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I Am the Queen
    by William Saxton
I Am the Queen
Artwork by Liz Clarke

Diane opened the door to her townhouse and led her neighbor in. It was just Bill: ever-hopeful Bill, and she hated to encourage him because there was just no chemistry, but she was still bubbling over, wanting to show everyone her new pet. Her alien pet.

"I have all the manuals," she said, "and I have a translation module for when its language ability kicks in, and I have dietary supplements, since it's adapted to a different ecosystem --"

"Where is it?" Bill said. He took off his boots: a requirement, in her house.

She led him into the living room, opened the carrying cage, and picked it up, very gently.

It had feather-like antennas, and too many legs, and a sort of bristly fur: a teddy bear version of a termite, perhaps. Its heart was going bap-bap-bap -- poor thing. It was so adorable. She stroked its fur.

"Whoa," Bill said.

It squeaked. "That's its happy squeak," she said. It sounded just like the recording in the manual.

"Can I hold it?" he said.

She found herself reluctant. Maternal instinct. But she transferred it to him, carefully. It was so tiny it could fit entirely within his calloused hands.

He started to sit. She stopped him. "Your trousers aren't dusty, are they?"

"I changed after work," he said. "Your white sofa's safe, and your white shag carpet, and your glass coffee table."

Diane nodded; he sat. The alien snuggled up to him. She found herself jealous. Silly.

"Are you sure it's a good idea, having it?" he said. "When you had a puppy, I was over here every week fixing things. Ain't no telling what a giant bug will do to this house."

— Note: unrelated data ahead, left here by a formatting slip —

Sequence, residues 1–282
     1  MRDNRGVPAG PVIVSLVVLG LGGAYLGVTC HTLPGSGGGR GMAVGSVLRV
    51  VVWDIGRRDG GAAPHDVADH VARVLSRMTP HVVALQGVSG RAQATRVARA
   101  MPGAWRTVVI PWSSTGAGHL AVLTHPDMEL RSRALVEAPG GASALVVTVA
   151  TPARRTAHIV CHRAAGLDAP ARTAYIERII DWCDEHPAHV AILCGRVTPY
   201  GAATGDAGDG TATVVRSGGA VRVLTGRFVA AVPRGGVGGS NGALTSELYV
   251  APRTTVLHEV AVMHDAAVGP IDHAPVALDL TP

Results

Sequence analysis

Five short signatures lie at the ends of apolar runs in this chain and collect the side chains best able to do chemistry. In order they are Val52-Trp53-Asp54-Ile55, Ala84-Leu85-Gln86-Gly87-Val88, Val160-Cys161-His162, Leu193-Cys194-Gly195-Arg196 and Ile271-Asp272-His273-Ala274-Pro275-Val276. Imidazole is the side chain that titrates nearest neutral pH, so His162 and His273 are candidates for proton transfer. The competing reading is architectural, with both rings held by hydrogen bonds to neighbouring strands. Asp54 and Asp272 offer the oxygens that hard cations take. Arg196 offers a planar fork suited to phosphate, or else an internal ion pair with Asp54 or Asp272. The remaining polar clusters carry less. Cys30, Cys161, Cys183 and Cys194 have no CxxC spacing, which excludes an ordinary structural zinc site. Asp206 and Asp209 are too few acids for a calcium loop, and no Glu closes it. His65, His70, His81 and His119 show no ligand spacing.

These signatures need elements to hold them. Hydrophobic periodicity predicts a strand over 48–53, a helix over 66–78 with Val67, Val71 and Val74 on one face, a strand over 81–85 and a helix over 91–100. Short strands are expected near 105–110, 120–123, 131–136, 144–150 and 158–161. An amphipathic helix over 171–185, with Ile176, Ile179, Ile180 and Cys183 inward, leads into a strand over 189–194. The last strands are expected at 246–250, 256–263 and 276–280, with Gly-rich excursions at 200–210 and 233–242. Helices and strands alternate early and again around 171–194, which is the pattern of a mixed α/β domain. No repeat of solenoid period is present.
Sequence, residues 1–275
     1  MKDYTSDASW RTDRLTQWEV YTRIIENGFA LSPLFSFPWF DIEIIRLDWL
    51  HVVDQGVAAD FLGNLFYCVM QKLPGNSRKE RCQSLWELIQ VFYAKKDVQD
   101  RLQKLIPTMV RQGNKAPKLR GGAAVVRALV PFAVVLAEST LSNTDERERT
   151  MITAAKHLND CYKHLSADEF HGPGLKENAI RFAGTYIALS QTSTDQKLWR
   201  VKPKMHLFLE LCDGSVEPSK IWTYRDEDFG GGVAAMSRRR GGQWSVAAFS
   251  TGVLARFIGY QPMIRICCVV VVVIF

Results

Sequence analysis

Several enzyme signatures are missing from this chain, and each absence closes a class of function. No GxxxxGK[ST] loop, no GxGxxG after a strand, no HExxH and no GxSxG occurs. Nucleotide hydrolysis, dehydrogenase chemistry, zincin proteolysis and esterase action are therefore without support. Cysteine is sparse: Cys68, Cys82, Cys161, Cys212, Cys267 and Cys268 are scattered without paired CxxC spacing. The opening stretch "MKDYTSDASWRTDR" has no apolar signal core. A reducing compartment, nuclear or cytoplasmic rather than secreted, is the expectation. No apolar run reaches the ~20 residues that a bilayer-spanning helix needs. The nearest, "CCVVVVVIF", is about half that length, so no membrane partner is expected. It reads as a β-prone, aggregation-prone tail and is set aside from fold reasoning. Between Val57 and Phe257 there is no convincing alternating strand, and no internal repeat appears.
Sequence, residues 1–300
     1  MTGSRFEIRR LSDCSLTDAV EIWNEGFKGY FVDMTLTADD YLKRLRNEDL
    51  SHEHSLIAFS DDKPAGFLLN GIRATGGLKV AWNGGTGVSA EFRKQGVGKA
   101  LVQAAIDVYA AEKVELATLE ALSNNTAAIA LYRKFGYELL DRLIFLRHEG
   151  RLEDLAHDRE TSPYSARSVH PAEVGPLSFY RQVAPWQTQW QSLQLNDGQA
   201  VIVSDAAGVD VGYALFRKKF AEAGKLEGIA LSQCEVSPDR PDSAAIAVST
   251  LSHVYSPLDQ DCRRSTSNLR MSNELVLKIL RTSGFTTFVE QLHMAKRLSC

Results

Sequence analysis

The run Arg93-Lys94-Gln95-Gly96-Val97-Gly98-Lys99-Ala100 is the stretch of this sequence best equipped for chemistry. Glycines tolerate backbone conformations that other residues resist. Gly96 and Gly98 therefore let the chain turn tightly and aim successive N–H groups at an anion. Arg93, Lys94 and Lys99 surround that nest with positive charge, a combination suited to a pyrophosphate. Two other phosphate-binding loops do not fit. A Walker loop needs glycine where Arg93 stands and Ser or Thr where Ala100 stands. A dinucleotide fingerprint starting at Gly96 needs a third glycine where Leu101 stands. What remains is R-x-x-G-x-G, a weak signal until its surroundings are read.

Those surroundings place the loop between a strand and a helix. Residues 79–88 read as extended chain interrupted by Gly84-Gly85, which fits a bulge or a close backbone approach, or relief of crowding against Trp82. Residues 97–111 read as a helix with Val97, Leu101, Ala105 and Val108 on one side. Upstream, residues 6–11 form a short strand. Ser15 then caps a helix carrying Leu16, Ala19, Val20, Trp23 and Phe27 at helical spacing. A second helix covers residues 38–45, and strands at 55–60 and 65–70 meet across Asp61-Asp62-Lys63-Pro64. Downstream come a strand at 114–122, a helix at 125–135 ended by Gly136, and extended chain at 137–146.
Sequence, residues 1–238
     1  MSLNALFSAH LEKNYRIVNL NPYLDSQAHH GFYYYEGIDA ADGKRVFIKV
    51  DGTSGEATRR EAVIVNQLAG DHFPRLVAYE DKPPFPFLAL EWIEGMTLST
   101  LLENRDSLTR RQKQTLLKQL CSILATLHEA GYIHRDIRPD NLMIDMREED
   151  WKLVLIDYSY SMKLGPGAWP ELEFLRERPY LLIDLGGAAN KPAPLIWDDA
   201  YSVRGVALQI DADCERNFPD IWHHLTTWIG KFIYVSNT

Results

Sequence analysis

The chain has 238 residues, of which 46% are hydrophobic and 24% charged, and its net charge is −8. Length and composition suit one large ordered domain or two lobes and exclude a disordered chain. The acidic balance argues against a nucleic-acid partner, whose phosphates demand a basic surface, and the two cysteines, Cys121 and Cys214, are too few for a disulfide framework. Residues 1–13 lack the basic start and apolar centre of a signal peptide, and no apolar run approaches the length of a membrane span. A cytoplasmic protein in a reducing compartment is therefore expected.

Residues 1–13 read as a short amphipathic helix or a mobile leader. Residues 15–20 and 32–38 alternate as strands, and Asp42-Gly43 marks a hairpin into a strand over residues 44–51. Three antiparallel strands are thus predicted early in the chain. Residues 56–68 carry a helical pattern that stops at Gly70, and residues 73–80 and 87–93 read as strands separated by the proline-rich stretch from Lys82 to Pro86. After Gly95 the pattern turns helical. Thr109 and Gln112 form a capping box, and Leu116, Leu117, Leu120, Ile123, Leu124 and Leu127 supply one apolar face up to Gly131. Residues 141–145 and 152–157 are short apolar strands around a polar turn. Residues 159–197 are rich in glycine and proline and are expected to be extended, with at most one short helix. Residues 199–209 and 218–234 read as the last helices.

"It's not a bug," she said. "And it's not like training a dog; it's intelligent! In a couple of weeks I'll be able to tell it what to do, and since I'm its queen, it'll do it."

Bill laughed.

She felt a little defensive. "It's not like a regular pet," she said. "Early on, I show it gestures of dominance, and later, it will understand rational statements, although its thinking can be rigid. It can actually do simple tasks, and it thrives on praise."

"You sound like you read that out of a book," Bill said.

Since she had, she said nothing.

"What's its name?" he said.

"I haven't decided."

He looked it over. "How about 'Cheesecake'? Because of the color of the fur, and all."

What a sweet name! "Perfect," she said.

"Or maybe 'Corn Bread.'"

Diane imagined telling everyone about her new pet, "Corn Bread." No. She said, "'Cheesecake' will do just fine."


Having Cheesecake was like building a family, without the messy detail of finding a man she could respect. The next day, at work, Diane still wanted to tell everyone. Well, not the other managers. They were all men, all married, and every one of them fat, balding, and on the make. Yuck.

She could only really talk with underlings. That wasn't a problem. She waited until Carole, from Accounting, was free, and they sat in Diane's office, drinking lattes from the coffee shop downstairs.

"So you bought an alien monster, and you named it 'Cheesecake,'" Carole said. "Got it."

"It's not a monster!" Diane said. "It's a 'builder drone.' And I didn't name it; Bill did."


Diane sighed. She didn't want to talk about Bill; she wanted to talk about the alien. "He lives on my street, and he fixes things in my townhouse sometimes. Anyway -- you should just see it. It's all furry, and it loves --"

"Forget the creature," Carole said. "Tell me about the man."

Diane laughed. "Forget it, Carole. He's a redneck. I mean, he wears cowboy boots to work! He's a carpenter or something."

"What's that song?" Carole said. "'Save the Horse, Ride the Cowboy'?"